Fecal Microbiome Promising for Early Pancreatic Cancer Detection

Pancreatic ductal adenocarcinoma (PDAC), the most common type of pancreatic cancer, is usually diagnosed in an advanced stage, when treatment options are limited and the prognosis is poor. To date, carbohydrate antigen CA 19-9 is the only established biomarker in PDAC but it has limited specificity, and is therefore mostly used for PDAC surveillance rather than for screening or diagnosis. Thus, there is an urgent need to identify novel non-invasive markers for early detection of PDAC. There is increasing evidence that microbiota are associated with carcinogenesis, including in PDAC. Ongoing trials are exploring how the microbiome may be used for the early diagnosis, prevention, and treatment of cancer.

In a recently published case-control study conducted in Spain, the authors sought to identify microbial predictive signatures of pancreatic cancer using oral and intestinal microbiota. The study included 57 patients with newly diagnosed PDAC, 29 patients with chronic pancreatitis and 50 matched control (patients who were hospitalized with other diseases not related to PDAC risk factors). The investigators collected saliva and stool samples, as well as normal and tumor pancreatic tissue from participating patients, and extensive patient metadata, including clinical and demographic data. They assessed microbial composition in each sample by using whole-genome shotgun metagenomics and 16S rRNA amplicon sequencing. They found that only patients’ fecal microbial composition, not saliva or any metadata variable, was significantly associated with PDAC. Using biostatistical and bioinformatic analyses, the investigators developed gene signature based on 27 fecal microbial species, which identified PDAC with an accuracy of 0.84 area under the receiver operating characteristic curve (AUROC). Accuracy was consistent across early and advanced stages of pancreatic cancer. The predictive power was further improved to up to 0.94 AUROC when investigators combined microbiome-based predictions with serum levels of CA 19-9. The prediction accuracy of microbiome signature was further validated in an independent German study and in 5792 publicly available gut metagenomes from 25 studies across 18 countries and 9 disease types.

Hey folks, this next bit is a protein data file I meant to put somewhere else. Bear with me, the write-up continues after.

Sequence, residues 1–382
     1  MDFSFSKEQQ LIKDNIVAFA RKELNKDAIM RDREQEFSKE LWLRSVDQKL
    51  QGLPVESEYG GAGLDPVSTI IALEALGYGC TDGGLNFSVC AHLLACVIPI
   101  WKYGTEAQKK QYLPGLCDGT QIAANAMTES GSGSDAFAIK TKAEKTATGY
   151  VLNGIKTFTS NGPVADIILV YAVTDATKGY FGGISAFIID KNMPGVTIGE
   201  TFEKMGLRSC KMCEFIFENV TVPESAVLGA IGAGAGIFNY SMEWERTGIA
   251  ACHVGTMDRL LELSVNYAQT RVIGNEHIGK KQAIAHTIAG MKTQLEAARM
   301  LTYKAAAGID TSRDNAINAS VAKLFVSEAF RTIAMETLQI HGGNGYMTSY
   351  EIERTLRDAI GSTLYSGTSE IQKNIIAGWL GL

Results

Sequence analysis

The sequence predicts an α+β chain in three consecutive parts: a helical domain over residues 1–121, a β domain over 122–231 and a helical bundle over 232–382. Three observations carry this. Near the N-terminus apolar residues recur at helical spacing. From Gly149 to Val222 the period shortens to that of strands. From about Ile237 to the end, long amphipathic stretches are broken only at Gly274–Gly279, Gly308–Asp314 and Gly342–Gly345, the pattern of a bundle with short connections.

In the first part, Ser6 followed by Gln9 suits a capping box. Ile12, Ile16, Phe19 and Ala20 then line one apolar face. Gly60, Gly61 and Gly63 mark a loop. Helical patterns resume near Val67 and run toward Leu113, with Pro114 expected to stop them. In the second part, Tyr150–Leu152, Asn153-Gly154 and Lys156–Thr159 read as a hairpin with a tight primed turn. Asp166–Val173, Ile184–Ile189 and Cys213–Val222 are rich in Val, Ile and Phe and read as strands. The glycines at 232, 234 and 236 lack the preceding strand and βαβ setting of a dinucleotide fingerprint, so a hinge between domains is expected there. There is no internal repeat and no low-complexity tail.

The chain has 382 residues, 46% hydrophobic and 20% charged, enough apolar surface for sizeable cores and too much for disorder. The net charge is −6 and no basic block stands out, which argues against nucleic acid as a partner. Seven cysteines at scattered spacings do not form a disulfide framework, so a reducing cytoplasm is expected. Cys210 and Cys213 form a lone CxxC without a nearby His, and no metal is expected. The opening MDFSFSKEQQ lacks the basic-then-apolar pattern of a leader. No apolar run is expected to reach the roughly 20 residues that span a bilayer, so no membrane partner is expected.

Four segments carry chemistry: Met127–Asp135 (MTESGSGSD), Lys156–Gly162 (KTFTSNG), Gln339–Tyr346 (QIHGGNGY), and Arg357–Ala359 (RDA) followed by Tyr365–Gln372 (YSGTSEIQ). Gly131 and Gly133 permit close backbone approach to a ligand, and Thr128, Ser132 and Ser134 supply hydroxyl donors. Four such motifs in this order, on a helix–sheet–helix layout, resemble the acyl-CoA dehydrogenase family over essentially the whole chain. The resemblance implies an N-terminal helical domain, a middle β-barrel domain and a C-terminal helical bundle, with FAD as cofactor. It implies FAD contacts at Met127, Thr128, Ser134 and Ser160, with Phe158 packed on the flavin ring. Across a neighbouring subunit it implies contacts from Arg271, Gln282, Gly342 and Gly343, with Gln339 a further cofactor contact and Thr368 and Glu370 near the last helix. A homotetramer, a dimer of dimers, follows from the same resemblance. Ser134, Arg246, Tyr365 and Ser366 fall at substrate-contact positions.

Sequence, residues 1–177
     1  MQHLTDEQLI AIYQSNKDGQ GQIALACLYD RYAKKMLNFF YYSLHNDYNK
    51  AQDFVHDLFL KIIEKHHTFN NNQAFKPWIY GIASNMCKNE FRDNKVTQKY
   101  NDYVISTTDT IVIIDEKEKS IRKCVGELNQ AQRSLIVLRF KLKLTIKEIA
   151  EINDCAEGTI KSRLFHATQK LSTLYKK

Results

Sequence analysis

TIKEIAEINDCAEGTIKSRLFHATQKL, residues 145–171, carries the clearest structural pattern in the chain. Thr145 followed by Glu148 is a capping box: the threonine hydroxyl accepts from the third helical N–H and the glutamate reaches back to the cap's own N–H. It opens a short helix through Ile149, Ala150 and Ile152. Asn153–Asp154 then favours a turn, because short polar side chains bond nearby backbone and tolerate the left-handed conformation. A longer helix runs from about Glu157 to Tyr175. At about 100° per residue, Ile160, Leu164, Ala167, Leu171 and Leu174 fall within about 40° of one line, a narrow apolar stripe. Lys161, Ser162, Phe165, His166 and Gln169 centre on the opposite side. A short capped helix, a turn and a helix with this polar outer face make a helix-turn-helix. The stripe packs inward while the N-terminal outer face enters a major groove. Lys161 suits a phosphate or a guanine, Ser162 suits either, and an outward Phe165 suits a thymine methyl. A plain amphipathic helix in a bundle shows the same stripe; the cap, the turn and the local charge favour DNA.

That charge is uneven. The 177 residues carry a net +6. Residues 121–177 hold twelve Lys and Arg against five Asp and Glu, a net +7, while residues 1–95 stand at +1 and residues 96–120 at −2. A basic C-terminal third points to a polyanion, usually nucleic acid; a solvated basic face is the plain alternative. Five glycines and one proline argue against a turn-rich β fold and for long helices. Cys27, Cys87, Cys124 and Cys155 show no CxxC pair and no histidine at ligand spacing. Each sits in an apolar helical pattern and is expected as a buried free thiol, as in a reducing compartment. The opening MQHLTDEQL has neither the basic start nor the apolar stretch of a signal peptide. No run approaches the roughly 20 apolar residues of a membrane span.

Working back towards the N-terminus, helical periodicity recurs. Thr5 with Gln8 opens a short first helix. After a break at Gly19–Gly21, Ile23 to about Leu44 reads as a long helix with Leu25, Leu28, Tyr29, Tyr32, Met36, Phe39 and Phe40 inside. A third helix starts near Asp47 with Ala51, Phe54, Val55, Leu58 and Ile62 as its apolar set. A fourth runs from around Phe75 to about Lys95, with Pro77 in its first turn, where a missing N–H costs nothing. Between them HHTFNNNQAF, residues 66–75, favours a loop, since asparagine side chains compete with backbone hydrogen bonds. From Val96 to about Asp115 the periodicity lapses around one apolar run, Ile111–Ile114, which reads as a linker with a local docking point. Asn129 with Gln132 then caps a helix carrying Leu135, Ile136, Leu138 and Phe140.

In addition, a comparison of the fecal microbiome signature in patients with PDAC with that of the pancreatic microbiome was performed and showed that many of the bacteria characteristic of pancreatic cancer fecal samples were also present in tumor tissue, with Lactobacillus sp., Akkermansia muciniphila and Bacteroides sp. enriched in tumor tissue but not in normal tissue. The implications of the presence of these bacteria for pancreatic cancer progression remain to be investigated.

In their conclusion, the investigators highlighted that using patients’ fecal microbiome for the detection of PDAC is feasible and represents a “non-invasive, cost-effective and robust approach to early PDAC diagnosis.” The authors of an accompanying commentary noted that this study clarified the ‘’connection between fecal microbiome signature and PDAC and represents significant progress for non-invasive cancer detection’’. Although the results are promising, they suggest further evaluation in prospective cohorts to estimate clinical impact.

Kartal E et al. Gut. 2022 Mar 8. [Online ahead of print].